Perhaps one of the oldest forms of sausage there is, black pudding (boudin noir in French) is also one of the most richly delicious sausages to be found. It is as deeply satisfying as any dish you could imagine, especially when served with a healthy dollop of spiced apple purée, or sliced, fried apples if you’re feeling more refined. Add in some creamy mashed potatoes, and you have a plate that can’t fail to win hearts, minds and souls. But this dark, dense, beautifully textured sausage is much more versatile than that too.
That said, there are plenty of black pudding sceptics out there; those who feel a little squeamish about its primary ingredient, which is pig’s blood. It is hard to offer comfort to this, other than a simple suggestion to try it because for those who do, the result is usually devotion. Black pudding is insanely, exquisitely delicious, thanks in large part to all the parts that also make it so healthy.
Black pudding is high in protein, which will help to keep you feeling full for longer, and it is also rich in iron, magnesium, zinc and calcium, important health, immunity and bone-density boosters. They can be a little high in fat, but they can still be enjoyed in healthy ways, especially if you have the English or Irish version which tends to be denser than the French boudin noir, making them perfect for grilling and tossing into a leaf-rich salad with plenty of cherry tomatoes, slices of red onion and apples, and some chopped walnuts. If you’re feeling a touch decadent, add some grilled bacon and a poached egg for a breakfast salad “de résistance”. Serve with a light mustard and cider vinegar dressing.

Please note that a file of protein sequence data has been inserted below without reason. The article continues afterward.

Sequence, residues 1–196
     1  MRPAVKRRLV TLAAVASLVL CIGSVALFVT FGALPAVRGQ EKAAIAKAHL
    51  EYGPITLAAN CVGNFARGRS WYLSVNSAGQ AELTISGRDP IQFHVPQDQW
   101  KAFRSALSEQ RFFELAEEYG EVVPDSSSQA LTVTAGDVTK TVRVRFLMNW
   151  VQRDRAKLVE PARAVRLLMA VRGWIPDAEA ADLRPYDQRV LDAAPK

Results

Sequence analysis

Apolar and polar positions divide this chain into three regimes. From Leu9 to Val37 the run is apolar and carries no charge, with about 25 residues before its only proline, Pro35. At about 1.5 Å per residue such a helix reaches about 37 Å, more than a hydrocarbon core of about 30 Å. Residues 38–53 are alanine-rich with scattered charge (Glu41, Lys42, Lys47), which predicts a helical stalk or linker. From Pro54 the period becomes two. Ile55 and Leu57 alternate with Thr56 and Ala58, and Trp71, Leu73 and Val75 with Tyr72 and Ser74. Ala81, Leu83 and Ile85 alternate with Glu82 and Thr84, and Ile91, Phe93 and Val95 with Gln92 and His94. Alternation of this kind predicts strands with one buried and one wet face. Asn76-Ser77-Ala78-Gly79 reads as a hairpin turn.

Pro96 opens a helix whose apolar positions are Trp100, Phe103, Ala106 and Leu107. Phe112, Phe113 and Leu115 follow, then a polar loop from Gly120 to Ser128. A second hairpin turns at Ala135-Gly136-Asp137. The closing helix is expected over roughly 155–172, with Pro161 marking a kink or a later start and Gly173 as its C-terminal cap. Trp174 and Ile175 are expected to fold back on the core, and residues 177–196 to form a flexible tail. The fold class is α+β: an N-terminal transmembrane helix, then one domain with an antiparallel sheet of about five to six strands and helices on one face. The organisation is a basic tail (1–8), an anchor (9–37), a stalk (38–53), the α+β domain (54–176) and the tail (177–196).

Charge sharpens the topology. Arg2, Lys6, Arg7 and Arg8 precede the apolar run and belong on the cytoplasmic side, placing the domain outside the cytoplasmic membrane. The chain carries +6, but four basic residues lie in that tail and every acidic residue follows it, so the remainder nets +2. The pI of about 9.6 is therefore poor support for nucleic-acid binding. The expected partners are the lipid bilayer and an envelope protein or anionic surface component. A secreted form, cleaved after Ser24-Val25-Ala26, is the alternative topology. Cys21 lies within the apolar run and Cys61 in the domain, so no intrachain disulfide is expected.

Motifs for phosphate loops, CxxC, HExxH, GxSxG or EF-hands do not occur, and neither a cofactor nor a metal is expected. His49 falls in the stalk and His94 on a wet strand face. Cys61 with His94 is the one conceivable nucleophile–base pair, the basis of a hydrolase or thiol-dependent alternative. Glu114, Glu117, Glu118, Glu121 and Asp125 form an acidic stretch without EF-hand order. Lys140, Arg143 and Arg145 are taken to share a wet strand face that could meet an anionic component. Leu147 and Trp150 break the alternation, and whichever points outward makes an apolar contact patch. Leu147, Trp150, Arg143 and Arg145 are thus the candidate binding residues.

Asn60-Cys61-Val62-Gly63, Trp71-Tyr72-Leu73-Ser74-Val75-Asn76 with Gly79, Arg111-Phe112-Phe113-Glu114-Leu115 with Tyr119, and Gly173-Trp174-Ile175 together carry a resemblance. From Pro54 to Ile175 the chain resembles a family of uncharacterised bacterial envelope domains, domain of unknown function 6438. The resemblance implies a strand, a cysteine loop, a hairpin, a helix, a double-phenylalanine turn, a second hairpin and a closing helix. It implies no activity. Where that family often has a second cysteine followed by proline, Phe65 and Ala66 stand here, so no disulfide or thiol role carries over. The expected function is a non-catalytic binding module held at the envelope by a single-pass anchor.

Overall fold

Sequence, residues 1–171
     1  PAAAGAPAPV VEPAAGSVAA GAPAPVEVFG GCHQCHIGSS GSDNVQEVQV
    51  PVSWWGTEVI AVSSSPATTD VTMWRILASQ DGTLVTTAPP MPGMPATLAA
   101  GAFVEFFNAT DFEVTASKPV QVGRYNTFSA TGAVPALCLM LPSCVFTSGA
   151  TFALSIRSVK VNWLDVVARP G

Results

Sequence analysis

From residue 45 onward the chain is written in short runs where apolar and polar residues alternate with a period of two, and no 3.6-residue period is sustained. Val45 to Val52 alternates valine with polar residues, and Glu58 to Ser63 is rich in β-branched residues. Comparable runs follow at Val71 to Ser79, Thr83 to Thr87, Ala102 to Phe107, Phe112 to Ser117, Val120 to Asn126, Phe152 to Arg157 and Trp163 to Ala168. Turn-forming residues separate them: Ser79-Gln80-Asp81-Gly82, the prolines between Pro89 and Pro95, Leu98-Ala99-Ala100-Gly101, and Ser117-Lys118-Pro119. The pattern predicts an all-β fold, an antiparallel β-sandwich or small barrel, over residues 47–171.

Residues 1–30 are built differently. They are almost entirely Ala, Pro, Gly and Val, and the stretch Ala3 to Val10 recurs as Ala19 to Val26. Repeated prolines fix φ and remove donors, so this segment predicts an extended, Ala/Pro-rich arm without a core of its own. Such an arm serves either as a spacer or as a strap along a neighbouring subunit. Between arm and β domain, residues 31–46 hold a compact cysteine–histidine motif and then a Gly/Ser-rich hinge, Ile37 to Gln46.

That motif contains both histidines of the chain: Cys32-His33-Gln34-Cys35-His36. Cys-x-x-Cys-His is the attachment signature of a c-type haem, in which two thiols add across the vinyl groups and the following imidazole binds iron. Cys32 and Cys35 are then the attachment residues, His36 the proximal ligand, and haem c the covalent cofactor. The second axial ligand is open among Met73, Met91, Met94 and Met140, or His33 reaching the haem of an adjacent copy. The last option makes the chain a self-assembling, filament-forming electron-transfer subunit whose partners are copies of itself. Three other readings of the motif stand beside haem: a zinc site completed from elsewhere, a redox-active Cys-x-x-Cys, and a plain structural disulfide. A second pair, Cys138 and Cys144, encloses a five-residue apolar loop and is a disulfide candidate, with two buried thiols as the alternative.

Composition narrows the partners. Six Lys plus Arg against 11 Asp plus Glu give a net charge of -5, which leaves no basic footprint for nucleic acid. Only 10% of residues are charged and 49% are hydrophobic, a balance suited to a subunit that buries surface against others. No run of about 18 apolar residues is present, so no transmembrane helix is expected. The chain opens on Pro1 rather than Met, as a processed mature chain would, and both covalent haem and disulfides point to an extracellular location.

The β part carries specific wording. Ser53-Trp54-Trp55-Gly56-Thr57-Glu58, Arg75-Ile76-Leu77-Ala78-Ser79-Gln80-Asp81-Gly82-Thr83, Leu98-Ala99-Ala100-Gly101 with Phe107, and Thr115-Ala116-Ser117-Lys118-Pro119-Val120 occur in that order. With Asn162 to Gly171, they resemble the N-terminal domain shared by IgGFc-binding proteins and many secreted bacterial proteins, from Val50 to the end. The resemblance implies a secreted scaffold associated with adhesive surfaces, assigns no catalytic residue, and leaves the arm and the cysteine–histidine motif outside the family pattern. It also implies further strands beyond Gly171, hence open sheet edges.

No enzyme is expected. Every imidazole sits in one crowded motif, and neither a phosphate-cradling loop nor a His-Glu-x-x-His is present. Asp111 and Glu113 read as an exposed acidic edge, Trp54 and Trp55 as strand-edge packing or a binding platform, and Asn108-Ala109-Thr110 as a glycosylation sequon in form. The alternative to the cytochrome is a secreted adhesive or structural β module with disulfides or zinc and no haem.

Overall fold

If you happen to be in Europe between May and August, then the River Cottage in London proposes an intriguing recipe of Black Pudding with Gooseberries on Toast. For this, mix 200g of gooseberries in 3 to 4 teaspoons of sugar, 1 tablespoon of cider vinegar, a neutral oil and 1 tablespoon of chopped parsley for about 20 minutes. Next, grill thick slices of black pudding and pile them on to slices of buttered toast, then top with the gooseberry mix and a little seasoning for a sweet-sour balance to the richness of the puddings.
Boudin noir, as you will find in the delicatessen at Khéma, tends to be smoother and less dense thanks to the addition of cream and onions in place of oats or barley, and wouldn’t work so well in the first of these recipes.
However, you can never go wrong matching a good boudin noir with slices of fried sweet apple. In this recipe from the New York Times, you fry the slices of boudin in butter for a few minutes on each side so that they are well cooked, then remove from the pan and keep warm. Next, deglaze the pan with about 80ml of Calvados, let it boil down for about 30 seconds, then add the slices of apple and cook for a minute. Not add 200ml of cream and a pinch of nutmeg, and allow the cream to reduce by half. Season and serve. Enjoy.